Connecting with your audience

Publishing is no longer just about putting out a great product. It’s about connecting with your audience.

In Michael Hyatt’s bestselling book, Platform, he writes that good products (such as books) no longer stand on their own because:

  1. Competition has never been greater.
  2. People are more distracted than ever.

So how do writers connect with readers today? Last week in New York City I attended the Tools of Change for Publishing Conference, an annual gathering of innovators and thinkers to discuss the future of publishing.

One of the panels I attended offered fascinating insights about some of the new ways that writers connect with readers. These suggestions came from panelists including Jacob Lewis (Figment), Amanda Barbara (Pubslush), Scott James (Red Hat Project), Mark Jeffrey (Glossi), and Allen Lau (Wattpad). Make sure to check out the creative things their companies are doing in the publishing world.

But first, some of their ideas:

  1. Curate and maintain relationships. This is the first and foremost way to connect with your audience and build your platform. Yes, it’s a way to do marketing but it’s also a way to build relationships and meet people. This connecting doesn’t have to be about your book. It can be connecting with people about life and everyday events. Make sure, though, that you are being authentic during all this connecting.
  2. Be voracious about connecting with readers via social media and make sure to respond to readers’ comments to keep communication a two-way street.
  3. Use pictures to connect with readers. Panelists encouraged authors to put out not just pictures of themselves, but pictures of a book’s cover, pictures of books arriving, and pictures of book signings.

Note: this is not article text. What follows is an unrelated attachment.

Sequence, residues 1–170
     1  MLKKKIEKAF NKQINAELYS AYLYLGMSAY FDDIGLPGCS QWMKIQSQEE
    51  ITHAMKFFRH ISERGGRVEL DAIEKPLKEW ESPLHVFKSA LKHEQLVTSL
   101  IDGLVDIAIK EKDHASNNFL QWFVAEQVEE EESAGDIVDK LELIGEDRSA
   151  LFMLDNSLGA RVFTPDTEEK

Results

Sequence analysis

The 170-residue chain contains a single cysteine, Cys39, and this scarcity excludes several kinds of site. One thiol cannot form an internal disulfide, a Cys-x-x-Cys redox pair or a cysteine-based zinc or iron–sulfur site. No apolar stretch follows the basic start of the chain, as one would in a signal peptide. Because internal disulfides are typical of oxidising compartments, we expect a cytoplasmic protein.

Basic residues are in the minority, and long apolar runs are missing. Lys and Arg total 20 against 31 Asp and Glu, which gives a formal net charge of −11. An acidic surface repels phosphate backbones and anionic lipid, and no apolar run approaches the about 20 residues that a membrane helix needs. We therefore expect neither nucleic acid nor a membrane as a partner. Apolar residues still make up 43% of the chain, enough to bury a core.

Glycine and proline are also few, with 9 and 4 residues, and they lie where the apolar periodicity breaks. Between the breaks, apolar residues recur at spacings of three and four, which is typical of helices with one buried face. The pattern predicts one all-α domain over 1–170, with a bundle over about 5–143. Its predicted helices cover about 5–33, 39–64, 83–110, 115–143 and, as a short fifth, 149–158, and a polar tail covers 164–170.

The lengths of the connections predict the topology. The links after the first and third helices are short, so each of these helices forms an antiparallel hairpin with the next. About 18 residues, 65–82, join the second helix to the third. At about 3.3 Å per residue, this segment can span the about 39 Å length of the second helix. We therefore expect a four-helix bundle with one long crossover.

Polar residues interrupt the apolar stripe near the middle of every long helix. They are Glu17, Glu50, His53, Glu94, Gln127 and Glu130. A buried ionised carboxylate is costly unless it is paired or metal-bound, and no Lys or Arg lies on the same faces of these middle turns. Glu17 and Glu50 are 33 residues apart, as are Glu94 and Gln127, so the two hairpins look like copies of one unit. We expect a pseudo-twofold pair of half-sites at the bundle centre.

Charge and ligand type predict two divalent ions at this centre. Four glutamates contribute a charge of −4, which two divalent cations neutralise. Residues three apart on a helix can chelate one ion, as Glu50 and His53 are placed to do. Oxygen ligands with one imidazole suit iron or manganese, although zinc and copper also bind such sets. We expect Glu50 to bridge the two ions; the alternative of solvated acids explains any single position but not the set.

4. Give readers updates along the way. For example, “I’m in the middle of writing chapter five right now.” Giving regular updates ensures that readers are connected with each stage of the process.
  5. Continually create content beyond your book that appeals to your audience. If an audience is buying your book because they like your wit and charm, keep them engaged with that wit and charm on your blog, through social media, and in other ways.
  6. Seek out reviews. Sure, you can give away 100 copies of your book to friends and family and get them to write positive reviews. But does that really further your cause? Push yourself to get reviews from people you don’t know—and people who may not say nice things about your book. This will do more for your book than seeking out 100 positive reviews. One panelist said, “You haven’t really gotten your book out there until you get a negative review. Managing your emotional state through that can be really hard.” The panelists agreed that negative reviews can lead to better writing in the future.

And finally, a word about taking things to the extreme and listening too much to the audience: Always remember that you are the writer. The crowd or the audience is not the writer. Yes, readers will give you feedback, but the choices about which direction to go in a manuscript are yours to make as the author. It’s important to write for your audience, but not to your audience. Otherwise your writing comes off as not authentic.

Amy Gingerich
Editorial Director

Amy Gingerich